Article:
To Purchase Glass Gem Seed
Many people have contacted us looking to obtain Glass Gem seed. We are currently sold out of the small quantity we had in stock, but there are plans to grow out a substantial amount this summer. Fresh seed should be available by October 2012. In the meantime, we have set up a waiting list for all who wish to purchase Glass Gem. Click here to be added to the list, and you will be notified as soon it becomes available. Native Seeds/SEARCH members will get priority access; click here to become a member. For those that have asked about its edibility, Glass Gem is a flint corn used for making flour or as a popping corn. Unlike sweet corn, it is not edible right off the cob. However, it was likely bred as an ornamental variety—for obvious reasons. Many of these exquisite ears are simply too beautiful to eat.
We encourage everyone who grows Glass Gem corn to rejoin the ritual of seed saving by setting aside your favorite selections for replanting the following year. Share seed with your friends and neighbors, organize a seed swap, or start a seed library in your community. Support Native Seeds/SEARCH in our work to conserve and protect Glass Gem corn along with the nearly 2,000 rare, aridlands-adapted crop varieties we steward in our seed bank. Your efforts and energy make a difference. As Carl Barnes has taught us, all it takes is one person to create a more colorful, diverse and abundant world—one seed at a time.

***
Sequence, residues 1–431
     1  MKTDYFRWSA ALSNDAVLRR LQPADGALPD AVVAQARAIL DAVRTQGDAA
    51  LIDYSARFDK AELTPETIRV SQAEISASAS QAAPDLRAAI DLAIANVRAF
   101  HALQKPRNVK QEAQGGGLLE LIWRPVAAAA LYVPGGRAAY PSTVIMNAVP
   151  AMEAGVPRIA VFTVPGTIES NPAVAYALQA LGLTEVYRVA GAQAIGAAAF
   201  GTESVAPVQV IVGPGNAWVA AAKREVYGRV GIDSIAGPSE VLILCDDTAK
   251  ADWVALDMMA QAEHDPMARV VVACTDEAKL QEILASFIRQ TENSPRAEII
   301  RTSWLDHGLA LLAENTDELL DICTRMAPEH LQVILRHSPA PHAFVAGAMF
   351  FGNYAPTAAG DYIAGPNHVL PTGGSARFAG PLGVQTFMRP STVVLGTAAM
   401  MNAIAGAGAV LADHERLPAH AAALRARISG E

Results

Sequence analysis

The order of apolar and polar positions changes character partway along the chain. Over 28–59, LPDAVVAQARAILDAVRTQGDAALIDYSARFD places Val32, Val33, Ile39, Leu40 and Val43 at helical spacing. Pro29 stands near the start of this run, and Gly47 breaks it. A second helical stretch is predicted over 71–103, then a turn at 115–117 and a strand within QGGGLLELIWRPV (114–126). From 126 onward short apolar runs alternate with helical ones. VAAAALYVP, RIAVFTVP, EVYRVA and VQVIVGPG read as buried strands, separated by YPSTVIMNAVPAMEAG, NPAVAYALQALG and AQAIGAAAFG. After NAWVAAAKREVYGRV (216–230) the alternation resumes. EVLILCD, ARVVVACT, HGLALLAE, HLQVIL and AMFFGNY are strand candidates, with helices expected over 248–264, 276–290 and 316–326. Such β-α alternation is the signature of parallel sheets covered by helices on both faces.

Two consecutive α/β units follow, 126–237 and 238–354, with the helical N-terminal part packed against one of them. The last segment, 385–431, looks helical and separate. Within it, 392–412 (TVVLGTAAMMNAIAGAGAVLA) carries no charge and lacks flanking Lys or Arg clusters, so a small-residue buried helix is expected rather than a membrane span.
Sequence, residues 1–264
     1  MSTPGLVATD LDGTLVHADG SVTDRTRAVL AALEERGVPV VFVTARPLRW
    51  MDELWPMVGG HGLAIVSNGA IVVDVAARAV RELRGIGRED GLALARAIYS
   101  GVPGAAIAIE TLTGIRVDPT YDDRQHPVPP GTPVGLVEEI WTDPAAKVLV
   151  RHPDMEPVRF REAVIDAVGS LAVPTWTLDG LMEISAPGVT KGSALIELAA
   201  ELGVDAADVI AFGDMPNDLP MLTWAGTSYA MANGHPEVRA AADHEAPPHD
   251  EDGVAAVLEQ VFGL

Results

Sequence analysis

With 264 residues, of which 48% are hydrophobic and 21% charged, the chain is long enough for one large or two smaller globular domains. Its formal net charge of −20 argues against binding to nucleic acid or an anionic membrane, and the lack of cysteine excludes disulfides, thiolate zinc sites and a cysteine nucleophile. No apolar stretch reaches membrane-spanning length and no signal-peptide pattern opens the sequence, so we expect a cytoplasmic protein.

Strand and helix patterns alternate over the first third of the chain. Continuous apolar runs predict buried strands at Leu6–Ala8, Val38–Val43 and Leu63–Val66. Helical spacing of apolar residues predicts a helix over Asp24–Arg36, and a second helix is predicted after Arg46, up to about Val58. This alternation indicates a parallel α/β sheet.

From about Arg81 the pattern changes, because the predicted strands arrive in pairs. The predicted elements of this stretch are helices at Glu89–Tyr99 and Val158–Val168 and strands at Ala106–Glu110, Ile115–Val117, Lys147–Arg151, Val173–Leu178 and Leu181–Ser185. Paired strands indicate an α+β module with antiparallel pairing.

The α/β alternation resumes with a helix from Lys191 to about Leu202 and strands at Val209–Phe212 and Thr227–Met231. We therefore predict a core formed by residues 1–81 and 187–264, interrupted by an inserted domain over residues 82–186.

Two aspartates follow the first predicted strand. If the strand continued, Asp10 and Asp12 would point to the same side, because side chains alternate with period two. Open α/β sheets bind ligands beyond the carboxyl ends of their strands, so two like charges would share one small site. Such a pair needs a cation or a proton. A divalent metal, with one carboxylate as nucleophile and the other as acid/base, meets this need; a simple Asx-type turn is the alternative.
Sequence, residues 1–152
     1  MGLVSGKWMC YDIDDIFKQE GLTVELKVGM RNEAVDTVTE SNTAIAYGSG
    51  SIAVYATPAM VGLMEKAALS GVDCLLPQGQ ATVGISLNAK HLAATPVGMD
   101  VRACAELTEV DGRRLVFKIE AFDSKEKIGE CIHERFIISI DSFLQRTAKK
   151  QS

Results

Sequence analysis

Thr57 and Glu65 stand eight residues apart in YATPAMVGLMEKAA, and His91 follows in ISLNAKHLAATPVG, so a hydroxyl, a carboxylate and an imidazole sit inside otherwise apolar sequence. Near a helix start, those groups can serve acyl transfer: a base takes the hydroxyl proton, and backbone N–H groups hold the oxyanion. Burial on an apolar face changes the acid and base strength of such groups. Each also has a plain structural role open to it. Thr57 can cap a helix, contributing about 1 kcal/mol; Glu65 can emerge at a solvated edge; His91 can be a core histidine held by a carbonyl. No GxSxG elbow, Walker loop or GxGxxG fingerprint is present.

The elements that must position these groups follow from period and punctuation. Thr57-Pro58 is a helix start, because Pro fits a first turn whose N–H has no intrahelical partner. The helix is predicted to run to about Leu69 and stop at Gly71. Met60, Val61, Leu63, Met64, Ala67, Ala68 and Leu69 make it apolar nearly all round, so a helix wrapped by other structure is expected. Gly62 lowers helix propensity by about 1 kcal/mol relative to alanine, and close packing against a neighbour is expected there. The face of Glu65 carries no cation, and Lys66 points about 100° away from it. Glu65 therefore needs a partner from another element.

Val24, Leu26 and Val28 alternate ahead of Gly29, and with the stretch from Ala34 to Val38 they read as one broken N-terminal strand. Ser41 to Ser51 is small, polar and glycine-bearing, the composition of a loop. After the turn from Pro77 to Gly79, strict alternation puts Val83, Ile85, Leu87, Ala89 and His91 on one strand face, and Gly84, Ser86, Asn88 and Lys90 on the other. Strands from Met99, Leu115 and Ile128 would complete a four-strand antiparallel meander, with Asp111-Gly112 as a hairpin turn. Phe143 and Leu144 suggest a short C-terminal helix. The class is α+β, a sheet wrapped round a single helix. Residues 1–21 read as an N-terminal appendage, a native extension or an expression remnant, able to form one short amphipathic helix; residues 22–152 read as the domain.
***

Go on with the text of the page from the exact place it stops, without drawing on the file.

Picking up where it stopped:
Sunday, January 6, 2013

Toilet Paper Tube Snowflakes (or flowers!)

This is a seriously simple way to use up some toilet paper tubes and add some pretty decorations to windows and door handles during the winter!

Tuesday, January 1, 2013

Rosemary Bread

What is it that makes rosemary and bread go together SO well? I can't believe how amazing this bread tastes. Everyone loved it!

If you have some rosemary hanging around that you snipped from the garden last summer, make a loaf of this...along with a pot of your favorite soup or chili. Your night will be warm, toasty, and tasty!

This is fine made with or without a food processor.

Rosemary Bread 
(copycat from Romano's Macaroni Grill)

1 tablespoon yeast
1 tablespoon sugar
1 cup warm water
2 1/2 cups flour
1 teaspoon salt
2 tablespoons rosemary
2 tablespoons butter

Place yeast, sugar and water in large bowl or food processor and allow mixture to become bubbly.
Mix in 1 T butter, salt, and 2 cups of flour.
Add one tablespoon of the fresh chopped rosemary.
Knead for about 10 minutes by hand or in food processor about 5 minutes until smooth and elastic.
Add more flour if necessary.
Oil a bowl, put dough in it and cover with a towel.
Let dough rise in a warm place for one hour until doubled.
Punch down dough and divide in half.
Let dough rest about 5 minutes.
Spray baking pan or cookie sheet with cooking spray.
Shape the dough into 2 small rounded oval loaves.
Sprinkle remaining 1 Tablespoon of rosemary over the loaves and press lightly into the surface.
Let loaves rise again until doubled, about 45 minutes.
Preheat oven to 375.
Bake for 15 to 20 minutes, until lightly browned.
Carefully remove from oven, brush with remaining butter (and salt if desired.).